# What is a proof?

Bundy, A. and Jamnik, M. and Fugard, Andrew J.B.
(2005)
What is a proof?
*Philosophical Transactions of the Royal Society A: Mathematical, Physical and Engineering Sciences* 363
(1835),
pp. 2377-2391.
ISSN 1364-503X.

## Abstract

To those brought up in a logic-based tradition there seems to be a simple and clear definition of proof. But this is largely a twentieth century invention; many earlier proofs had a different nature. We will look particularly at the faulty proof of Euler's Theorem and Lakatos' rational reconstruction of the history of this proof. We will ask: how is it possible for the errors in a faulty proof to remain undetected for several years—even when counter-examples to it are known? How is it possible to have a proof about concepts that are only partially defined? And can we give a logic-based account of such phenomena? We introduce the concept of schematic proofs and argue that they offer a possible cognitive model for the human construction of proofs in mathematics. In particular, we show how they can account for persistent errors in proofs.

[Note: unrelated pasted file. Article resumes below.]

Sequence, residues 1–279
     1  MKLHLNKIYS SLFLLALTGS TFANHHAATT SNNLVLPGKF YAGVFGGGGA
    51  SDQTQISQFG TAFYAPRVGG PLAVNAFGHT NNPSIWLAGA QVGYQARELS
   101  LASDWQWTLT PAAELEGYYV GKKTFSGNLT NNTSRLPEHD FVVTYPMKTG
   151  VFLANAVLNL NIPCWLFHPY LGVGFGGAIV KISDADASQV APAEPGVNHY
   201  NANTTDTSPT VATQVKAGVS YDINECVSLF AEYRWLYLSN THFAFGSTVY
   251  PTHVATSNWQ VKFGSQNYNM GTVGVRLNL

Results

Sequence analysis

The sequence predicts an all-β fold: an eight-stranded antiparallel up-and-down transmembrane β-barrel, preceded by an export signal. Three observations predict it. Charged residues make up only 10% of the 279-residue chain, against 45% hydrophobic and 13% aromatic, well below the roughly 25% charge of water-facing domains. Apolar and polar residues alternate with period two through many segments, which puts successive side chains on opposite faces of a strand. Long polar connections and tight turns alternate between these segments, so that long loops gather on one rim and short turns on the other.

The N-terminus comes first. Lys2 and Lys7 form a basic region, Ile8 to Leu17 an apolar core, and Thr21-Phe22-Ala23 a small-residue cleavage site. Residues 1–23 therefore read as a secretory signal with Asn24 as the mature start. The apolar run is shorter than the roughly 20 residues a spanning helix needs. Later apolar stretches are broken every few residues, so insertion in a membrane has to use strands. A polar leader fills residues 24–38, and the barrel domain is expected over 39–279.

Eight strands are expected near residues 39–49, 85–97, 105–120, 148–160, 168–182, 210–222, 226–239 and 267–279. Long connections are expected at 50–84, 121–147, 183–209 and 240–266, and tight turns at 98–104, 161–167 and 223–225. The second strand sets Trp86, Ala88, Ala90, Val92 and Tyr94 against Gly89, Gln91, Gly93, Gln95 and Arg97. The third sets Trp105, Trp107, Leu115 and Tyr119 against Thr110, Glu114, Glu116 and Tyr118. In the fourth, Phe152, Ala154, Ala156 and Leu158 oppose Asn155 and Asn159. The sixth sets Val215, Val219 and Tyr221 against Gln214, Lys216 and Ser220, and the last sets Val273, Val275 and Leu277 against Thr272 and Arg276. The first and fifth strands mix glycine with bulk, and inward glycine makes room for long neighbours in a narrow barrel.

## Metadata

Item Type: | Article |
---|---|

School: | Birkbeck Schools and Departments > School of Social Sciences, History and Philosophy > Psychosocial Studies |

Depositing User: | Sarah Hall |

Date Deposited: | 14 Aug 2017 14:58 |

Last Modified: | 23 Feb 2018 10:12 |

URI: | http://eprints.bbk.ac.uk/id/eprint/19391 |

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